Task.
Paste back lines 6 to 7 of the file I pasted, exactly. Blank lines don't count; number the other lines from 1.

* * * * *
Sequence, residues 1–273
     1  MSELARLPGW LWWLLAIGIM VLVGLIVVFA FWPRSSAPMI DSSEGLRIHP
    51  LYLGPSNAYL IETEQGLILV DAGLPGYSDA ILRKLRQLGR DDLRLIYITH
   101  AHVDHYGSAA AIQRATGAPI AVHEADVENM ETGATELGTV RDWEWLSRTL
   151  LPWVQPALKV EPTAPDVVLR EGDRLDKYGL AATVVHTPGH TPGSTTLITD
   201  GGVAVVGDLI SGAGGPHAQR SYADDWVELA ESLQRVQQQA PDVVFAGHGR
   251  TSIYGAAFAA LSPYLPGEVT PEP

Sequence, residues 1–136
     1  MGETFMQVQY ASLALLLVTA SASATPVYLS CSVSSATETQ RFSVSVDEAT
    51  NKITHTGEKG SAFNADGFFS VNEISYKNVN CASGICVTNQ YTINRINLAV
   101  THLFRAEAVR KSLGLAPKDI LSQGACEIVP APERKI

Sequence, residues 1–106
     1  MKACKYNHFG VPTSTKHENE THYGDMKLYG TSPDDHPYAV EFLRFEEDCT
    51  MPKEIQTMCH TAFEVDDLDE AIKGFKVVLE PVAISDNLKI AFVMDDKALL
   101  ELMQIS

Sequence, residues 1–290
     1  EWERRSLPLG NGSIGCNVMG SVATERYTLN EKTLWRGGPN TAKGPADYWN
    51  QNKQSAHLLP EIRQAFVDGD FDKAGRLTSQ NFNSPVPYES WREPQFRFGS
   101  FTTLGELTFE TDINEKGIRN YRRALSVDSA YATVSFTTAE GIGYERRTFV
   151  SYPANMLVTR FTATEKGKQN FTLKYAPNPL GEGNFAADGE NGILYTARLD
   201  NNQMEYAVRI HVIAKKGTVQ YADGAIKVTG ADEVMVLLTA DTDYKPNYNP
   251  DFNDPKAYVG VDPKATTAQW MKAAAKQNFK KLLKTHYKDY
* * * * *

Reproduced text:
   201  GGVAVVGDLI SGAGGPHAQR SYADDWVELA ESLQRVQQQA PDVVFAGHGR
   251  TSIYGAAFAA LSPYLPGEVT PEP